According to the recent statistics, there are 2542 universities in China and 377,054 international students from 203 countries are currently studying different programs in 775 Chinese universities. Last year, nearly 500 universities provided international students with different types of scholarships. And this year, more Chinese universities are qualified to recruit international students and they offer very preferential policies for those who want to study in China.

Most Chinese universities are qualified to teach courses at different levels including non-degree, bachelor’s degree, master’s degree and doctor’s degree.

Furthermore, some Chinese universities are popular in Europe and America according to international students' choices. For example, Zhejiang University, Sun Yat-sen University, Shanghai University, Wuhan University, Sichuan University, Xi'an Jiaotong University, Shanghai Jiaotong University and Northwest University. They are always the best choices owning to their increasing recruitment of international students and diversified scholarships.


Lots of reasons, but most importantly because:

1.Chinese universities have a growing reputation

Whether you intend to secure a graduate job or continue studying at postgraduate level, the reputation of your university is important for your future prospects.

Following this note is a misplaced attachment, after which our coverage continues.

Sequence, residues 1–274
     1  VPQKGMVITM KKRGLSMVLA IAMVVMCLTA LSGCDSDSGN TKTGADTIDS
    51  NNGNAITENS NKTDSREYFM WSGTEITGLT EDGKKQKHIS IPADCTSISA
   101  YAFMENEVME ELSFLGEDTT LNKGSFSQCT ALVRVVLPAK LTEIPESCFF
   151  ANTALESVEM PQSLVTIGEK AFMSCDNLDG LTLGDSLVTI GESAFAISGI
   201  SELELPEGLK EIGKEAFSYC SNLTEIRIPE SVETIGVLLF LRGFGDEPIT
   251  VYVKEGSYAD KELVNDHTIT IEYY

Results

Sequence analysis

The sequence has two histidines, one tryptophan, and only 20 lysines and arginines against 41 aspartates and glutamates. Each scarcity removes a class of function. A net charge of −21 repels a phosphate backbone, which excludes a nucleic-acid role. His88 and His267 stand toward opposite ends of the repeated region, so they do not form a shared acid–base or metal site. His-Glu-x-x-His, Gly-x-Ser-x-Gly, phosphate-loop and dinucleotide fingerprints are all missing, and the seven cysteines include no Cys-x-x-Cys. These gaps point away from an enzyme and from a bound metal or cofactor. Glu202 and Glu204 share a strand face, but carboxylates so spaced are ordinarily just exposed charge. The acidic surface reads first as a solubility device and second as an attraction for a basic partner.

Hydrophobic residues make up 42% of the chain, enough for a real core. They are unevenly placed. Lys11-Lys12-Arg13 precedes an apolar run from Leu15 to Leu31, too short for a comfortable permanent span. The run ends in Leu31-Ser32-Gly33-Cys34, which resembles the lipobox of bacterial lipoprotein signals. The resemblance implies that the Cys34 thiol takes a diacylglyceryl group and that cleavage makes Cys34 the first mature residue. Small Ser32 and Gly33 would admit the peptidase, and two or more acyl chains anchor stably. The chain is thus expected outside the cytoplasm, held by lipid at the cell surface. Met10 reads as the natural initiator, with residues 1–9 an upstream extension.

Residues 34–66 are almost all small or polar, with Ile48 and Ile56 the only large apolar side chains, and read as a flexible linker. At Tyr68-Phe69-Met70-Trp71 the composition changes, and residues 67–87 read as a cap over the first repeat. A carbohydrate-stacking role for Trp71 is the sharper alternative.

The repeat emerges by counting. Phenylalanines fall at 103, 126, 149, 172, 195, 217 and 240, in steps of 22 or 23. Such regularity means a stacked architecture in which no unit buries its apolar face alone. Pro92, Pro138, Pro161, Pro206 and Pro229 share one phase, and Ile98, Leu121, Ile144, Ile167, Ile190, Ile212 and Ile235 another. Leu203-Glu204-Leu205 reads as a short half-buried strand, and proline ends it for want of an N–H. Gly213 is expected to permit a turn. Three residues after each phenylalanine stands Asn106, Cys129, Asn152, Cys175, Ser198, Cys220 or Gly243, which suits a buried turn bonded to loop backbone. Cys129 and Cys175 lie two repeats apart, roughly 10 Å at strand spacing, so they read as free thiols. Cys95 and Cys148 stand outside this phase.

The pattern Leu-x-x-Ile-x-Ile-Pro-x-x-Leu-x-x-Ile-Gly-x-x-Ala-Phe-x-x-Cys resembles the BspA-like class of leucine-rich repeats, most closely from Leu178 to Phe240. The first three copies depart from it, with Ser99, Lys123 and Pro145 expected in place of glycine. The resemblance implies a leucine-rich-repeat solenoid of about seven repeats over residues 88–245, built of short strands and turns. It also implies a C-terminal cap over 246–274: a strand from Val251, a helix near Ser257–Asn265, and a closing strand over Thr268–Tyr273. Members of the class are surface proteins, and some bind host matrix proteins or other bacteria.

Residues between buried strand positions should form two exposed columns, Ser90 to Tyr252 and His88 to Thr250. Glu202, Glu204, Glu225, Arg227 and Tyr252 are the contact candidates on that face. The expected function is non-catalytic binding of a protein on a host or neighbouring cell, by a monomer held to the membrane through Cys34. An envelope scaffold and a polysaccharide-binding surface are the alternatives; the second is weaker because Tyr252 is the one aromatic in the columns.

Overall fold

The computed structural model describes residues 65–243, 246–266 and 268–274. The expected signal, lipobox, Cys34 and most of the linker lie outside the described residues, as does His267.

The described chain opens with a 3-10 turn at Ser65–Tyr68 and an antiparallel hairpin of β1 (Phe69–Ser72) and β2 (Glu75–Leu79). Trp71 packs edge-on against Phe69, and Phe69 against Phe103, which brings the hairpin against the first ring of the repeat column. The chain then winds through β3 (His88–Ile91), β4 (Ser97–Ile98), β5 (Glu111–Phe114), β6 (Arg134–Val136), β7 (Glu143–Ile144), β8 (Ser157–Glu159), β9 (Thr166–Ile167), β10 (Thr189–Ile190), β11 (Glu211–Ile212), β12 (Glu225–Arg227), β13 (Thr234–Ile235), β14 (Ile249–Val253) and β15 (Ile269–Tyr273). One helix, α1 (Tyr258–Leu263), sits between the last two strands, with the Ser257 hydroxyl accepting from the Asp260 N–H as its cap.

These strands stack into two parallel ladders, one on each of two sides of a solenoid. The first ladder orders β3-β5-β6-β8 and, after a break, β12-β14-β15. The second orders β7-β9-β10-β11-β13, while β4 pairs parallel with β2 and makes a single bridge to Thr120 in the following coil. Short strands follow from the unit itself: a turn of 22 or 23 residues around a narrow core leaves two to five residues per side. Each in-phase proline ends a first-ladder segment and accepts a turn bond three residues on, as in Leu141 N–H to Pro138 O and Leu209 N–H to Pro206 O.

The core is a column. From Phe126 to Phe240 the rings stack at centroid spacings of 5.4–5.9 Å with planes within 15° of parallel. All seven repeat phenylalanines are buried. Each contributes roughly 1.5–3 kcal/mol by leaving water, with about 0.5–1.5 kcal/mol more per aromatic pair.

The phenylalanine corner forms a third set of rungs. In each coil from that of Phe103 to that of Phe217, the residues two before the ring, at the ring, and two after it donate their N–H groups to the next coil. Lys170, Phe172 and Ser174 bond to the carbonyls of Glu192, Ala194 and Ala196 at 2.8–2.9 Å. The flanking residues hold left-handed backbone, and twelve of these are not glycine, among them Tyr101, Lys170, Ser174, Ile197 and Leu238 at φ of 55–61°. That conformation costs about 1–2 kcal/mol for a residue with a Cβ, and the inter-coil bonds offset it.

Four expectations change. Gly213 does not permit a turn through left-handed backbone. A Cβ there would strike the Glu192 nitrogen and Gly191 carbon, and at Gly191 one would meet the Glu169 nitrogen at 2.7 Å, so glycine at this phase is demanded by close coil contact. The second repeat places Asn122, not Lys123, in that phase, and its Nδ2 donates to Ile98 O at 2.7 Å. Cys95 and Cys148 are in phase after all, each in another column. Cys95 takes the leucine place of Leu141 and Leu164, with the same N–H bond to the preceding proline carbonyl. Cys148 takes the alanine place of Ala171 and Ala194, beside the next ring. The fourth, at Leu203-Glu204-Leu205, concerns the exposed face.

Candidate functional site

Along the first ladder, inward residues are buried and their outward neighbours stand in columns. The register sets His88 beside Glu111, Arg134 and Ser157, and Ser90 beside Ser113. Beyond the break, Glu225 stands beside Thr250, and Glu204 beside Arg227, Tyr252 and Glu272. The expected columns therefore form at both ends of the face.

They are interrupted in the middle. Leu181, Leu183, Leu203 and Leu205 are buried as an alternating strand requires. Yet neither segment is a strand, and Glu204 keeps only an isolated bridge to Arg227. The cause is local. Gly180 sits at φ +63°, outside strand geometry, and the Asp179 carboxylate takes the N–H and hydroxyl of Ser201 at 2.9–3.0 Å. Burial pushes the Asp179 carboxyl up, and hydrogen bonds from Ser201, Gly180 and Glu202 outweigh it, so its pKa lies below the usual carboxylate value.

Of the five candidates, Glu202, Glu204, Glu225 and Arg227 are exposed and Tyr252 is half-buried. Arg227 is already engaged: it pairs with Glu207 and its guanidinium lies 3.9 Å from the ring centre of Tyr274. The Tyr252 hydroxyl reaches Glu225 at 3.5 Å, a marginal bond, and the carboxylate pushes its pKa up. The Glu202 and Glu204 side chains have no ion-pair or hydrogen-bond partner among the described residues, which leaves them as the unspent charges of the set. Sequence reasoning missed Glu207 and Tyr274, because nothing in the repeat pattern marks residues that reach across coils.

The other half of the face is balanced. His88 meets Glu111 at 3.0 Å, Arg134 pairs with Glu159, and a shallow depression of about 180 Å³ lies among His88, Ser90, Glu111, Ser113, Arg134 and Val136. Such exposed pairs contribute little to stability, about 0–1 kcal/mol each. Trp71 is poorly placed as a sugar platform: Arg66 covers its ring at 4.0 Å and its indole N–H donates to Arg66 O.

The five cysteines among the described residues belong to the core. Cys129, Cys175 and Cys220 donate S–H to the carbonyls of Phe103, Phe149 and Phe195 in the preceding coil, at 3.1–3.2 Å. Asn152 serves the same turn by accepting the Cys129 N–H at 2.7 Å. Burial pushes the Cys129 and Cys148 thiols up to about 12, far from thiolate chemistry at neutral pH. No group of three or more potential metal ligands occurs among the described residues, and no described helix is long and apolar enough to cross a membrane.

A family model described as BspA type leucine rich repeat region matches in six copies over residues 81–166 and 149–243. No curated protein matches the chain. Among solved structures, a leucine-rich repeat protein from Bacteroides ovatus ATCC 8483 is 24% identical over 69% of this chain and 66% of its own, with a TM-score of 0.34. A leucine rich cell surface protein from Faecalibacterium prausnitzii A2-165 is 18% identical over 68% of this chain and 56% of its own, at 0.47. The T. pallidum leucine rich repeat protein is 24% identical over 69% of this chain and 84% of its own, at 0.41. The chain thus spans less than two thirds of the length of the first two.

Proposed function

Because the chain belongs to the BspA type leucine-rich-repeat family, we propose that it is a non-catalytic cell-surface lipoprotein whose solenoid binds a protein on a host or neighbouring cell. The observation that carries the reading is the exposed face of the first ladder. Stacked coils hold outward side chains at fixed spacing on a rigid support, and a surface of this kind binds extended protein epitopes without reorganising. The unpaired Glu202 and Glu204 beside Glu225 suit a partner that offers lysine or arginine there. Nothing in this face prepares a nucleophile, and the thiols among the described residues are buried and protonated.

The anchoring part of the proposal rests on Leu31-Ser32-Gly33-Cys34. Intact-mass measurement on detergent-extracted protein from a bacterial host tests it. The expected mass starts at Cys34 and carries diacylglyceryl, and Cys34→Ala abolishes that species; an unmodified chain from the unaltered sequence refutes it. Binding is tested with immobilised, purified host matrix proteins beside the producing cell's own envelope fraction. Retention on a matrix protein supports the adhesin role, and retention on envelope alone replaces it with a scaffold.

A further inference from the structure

Chinese universities are increasingly well respected; the number included in major global university rankings has risen significantly over the past five years, particularly compared with the UK, which has fallen in many rankings.

In 2011, there were only six Chinese universities in Times Higher Education’s World University Rankings, whereas in 2015-2016 there were 37, more than either Canada or Australia.

2. It could be great for your career

Knowledge and experience of China is an increasingly valuable asset in many industries.

As the fourth most popular destination for international travel, with nearly 12 million business trips to China in 2015, the country is growing in economic and cultural significance.

Experience of China and Chinese, which is the third most popular language to learn in the world, could give you a great career boost.